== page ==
Though stressful, ATC offers many rewards to those up for the challenge. These rewards include the bragging rights of being capable of performing air traffic control duties and seeing a personal impact on Holloman's mission.

"One of the biggest rewards of being an air traffic controller is seeing the direct impact on the mission," said Waski. "When we're here, we're assisting with the training of traditional aircraft pilots, RPA pilots, as well as the German Air Force pilots. That's the mission and we're right here doing it. Even when deployed, the mission is seen that much more. We're right there launching the planes that are dropping the bombs."

As an Air Force base, Holloman has a mission to perform. In many areas, this mission requires the use of several types of aircraft, which the controllers are able to view first hand.

"The most enjoyable thing is probably seeing all the aircraft and what they can do," said Lugo-Thomas. "That and knowing that I'm working with something that directly affects the mission."

Along with the many rewards of being an air traffic controller, there is also opportunity for rare experiences and memorable moments while in position.

"One of the most memorable moments for me as an air traffic controller was deploying and getting able to talk with planes that had just dropped bombs," said Waski. "To actually clear an aircraft to land that had just dropped ordnance on the enemy is just amazing."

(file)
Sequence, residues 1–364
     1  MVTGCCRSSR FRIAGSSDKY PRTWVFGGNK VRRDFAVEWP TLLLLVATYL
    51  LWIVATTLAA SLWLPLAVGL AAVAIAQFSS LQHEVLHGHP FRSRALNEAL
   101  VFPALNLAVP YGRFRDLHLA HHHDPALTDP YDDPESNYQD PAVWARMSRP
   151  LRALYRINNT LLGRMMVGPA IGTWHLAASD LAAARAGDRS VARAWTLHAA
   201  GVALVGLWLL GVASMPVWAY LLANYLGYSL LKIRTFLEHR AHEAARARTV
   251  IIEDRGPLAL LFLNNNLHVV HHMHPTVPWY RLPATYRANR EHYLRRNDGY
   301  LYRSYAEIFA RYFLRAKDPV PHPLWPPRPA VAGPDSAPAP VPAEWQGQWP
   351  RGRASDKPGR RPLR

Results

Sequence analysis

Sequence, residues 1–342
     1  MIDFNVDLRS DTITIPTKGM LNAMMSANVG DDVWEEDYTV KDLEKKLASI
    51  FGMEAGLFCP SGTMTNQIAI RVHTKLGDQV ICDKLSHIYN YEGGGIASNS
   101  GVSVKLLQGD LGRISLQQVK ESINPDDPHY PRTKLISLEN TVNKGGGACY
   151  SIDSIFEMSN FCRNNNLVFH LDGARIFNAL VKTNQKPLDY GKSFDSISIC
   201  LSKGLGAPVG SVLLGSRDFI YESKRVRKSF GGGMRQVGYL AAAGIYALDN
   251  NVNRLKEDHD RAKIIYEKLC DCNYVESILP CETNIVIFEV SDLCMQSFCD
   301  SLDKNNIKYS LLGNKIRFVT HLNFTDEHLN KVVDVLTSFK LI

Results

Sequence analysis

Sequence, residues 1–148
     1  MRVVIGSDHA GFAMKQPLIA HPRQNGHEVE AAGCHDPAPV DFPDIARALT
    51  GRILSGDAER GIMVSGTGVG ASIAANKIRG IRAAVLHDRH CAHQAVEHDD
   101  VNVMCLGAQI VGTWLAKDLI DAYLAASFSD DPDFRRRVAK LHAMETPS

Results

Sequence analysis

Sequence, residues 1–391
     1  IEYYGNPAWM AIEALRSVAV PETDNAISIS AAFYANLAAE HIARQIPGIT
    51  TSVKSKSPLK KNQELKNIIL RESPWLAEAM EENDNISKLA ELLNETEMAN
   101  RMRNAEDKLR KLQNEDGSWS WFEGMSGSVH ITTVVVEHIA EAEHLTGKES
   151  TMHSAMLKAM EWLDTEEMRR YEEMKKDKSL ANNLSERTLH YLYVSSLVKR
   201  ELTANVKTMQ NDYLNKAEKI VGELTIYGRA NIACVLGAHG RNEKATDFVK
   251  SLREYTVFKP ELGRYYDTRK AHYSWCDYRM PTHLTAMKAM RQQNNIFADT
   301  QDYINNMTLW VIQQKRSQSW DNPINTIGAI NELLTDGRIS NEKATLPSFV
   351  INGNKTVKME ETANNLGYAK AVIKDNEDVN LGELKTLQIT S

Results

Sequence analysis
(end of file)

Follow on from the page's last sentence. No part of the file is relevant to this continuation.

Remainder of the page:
As complex, stressful and rewarding as ATC is, not everyone can do it. Aerial travel would be next to impossible without these highly skilled and dedicated individuals.

"The importance of having ATC is to prevent aircraft collisions, offer support and ensure the aircraft are safe in the air and that everything goes smoothly," said Lugo-Thomas.

So the next time you are traveling by air, relaxing in your seat and enjoying the in-flight movie, think about what it took to become airborne and what it will take to return safely to the ground. Think about the men and women who are hard at work to ensure your safety. Think about the controllers of the sky.